Wherein the Voyager, having fallen among the black traders, discourses on these men and their manner of life; and the difficulties and dangers attending the barter they carry on with the bush savages; and on some of the reasons that makes this barter so beloved and followed by both the black trader and the savage. To which is added an account of the manner of life of the Fan tribe; the strange form of coinage used by these people; their manner of hunting the elephant, working in iron; and such like things.
I spent a few, lazy, pleasant days at Agonjo, Mr. Glass doing all he could to make me comfortable, though he had a nasty touch of fever on him just then. His efforts were ably seconded by his good lady, an exceedingly comely Gaboon woman, with pretty manners, and an excellent gift in cookery. The third member of the staff was the store-keeper, a clever fellow: I fancy a Loango from his clean-cut features and spare make, but his tribe I know not for a surety.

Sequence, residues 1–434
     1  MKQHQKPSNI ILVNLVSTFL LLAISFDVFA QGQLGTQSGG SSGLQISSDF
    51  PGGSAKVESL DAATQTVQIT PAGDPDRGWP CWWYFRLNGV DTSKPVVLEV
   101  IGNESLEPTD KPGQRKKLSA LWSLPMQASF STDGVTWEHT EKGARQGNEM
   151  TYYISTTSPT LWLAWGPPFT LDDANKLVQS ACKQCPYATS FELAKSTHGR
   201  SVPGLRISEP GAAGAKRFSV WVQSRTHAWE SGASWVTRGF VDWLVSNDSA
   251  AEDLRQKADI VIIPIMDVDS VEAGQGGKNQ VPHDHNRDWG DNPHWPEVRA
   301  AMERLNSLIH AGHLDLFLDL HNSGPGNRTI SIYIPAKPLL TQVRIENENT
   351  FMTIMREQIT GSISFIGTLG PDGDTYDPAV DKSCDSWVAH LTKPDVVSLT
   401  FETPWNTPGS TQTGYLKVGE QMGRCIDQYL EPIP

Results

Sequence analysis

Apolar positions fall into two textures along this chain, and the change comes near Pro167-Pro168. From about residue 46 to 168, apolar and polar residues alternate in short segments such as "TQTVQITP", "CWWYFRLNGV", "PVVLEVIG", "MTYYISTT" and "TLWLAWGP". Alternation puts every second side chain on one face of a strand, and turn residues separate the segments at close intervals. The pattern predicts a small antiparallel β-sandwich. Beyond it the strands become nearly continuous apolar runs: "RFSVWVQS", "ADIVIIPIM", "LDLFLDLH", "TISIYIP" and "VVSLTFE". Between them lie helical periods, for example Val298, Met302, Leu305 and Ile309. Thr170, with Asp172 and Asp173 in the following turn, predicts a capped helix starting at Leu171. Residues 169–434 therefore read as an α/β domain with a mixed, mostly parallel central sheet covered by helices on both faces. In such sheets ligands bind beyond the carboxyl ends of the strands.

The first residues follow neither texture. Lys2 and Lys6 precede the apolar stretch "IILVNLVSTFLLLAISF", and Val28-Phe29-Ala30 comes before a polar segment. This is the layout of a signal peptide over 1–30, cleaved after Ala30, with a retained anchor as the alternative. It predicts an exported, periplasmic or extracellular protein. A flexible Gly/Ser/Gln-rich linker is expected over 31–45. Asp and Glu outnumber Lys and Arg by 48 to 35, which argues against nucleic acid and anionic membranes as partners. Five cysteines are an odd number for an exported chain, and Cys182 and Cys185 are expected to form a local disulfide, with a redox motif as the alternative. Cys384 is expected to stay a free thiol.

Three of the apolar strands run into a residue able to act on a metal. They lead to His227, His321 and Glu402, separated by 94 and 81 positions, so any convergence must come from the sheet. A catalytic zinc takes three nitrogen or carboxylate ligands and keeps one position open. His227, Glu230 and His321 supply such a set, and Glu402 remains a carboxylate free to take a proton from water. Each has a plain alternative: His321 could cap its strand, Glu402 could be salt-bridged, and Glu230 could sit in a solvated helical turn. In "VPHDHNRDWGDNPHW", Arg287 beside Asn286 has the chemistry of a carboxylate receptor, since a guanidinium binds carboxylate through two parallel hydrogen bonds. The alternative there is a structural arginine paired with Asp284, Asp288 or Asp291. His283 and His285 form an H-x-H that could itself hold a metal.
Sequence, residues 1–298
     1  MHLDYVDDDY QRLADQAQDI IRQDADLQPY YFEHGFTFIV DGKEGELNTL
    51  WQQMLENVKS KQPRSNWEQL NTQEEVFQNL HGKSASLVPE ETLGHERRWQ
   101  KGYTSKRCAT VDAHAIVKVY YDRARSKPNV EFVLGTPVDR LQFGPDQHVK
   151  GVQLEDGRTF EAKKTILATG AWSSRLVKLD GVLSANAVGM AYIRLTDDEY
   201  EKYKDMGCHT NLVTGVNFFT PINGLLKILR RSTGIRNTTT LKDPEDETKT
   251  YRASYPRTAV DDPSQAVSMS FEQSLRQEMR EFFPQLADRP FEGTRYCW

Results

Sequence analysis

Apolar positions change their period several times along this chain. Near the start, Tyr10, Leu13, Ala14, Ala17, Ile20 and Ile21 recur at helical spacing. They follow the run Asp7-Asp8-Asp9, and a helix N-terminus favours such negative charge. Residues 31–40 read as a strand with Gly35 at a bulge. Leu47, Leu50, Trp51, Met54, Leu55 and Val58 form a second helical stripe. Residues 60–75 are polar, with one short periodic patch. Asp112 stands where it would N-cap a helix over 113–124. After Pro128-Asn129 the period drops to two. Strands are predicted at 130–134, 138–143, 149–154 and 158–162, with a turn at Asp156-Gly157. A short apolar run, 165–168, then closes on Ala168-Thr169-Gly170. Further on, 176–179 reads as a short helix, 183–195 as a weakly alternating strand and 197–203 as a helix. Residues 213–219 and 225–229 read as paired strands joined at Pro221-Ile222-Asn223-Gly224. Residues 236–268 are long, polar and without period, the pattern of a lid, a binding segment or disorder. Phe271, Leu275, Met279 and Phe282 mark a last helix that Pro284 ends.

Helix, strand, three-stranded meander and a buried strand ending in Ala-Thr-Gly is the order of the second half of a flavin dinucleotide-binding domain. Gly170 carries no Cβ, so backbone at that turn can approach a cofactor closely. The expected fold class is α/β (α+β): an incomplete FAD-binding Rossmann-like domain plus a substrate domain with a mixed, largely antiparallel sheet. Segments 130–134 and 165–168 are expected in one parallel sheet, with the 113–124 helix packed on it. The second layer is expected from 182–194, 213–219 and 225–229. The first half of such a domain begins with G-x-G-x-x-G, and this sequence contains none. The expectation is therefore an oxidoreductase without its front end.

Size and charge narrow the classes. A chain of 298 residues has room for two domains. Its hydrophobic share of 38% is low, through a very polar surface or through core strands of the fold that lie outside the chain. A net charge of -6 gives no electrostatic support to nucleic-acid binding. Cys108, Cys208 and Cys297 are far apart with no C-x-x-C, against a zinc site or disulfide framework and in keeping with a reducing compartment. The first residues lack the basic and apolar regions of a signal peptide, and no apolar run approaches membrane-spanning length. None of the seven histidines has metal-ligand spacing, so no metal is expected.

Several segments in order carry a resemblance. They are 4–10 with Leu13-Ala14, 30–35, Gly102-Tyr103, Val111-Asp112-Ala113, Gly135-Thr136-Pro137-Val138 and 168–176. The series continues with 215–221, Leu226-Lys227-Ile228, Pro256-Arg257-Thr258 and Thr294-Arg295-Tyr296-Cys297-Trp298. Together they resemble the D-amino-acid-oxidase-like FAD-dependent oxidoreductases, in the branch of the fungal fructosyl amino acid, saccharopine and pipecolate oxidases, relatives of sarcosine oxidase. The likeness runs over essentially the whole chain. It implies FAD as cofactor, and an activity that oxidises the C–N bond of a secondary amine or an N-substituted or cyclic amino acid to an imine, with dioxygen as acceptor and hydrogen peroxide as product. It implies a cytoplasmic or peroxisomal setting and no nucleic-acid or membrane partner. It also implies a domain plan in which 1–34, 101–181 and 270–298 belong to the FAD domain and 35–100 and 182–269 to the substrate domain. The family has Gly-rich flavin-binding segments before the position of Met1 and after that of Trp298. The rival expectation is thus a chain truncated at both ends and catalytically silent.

One of these black trader factories is an exceedingly interesting place to stay at, for in these factories you are right down on the bed rock of the trade. On the Coast, for the greater part, the white traders are dealing with black traders, middle men, who have procured their trade stuff from the bush natives, who collect and prepare it. Here, in the black trader factory, you see the first stage of the export part of the trade: namely the barter of the collected trade stuff between the collector and the middleman. I will not go into details regarding it. What I saw merely confirmed my opinion that the native is not cheated; no, not even by a fellow African trader; and I will merely here pause to sing a paean to a very unpopular class — the black middleman as he exists on the South-West Coast. It is impossible to realise the gloom of the lives of these men in bush factories, unless you have lived in one. It is no use saying “they know nothing better and so don’t feel it,” for they do know several things better, being very sociable men, fully appreciative of the joys of a Coast town, and their aim, object and end in life is, in almost every case, to get together a fortune that will enable them to live in one, give a dance twice a week, card parties most nights, and dress themselves up so that their fellow Coast townsmen may hate them and their townswomen love them. From their own accounts of the dreadful state of trade; and the awful and unparalleled series of losses they have had, from the upsetting of canoes, the raids and robberies made on them and their goods by “those awful bush savages”; you would, if you were of a trustful disposition, regard the black trader with an admiring awe as the man who has at last solved the great commercial problem of how to keep a shop and live by the loss. Nay, not only live, but build for himself an equivalent to a palatial residence, and keep up, not only it, but half a dozen wives, with a fine taste for dress every one of them. I am not of a trustful disposition and I accept those “losses” with a heavy discount, and know most of the rest of them have come out of my friend the white trader’s pockets. Still I can never feel the righteous indignation that I ought to feel, when I see the black trader “down in a seaport town with his Nancy,” etc., as Sir W. H. S. Gilbert classically says, because I remember those bush factories.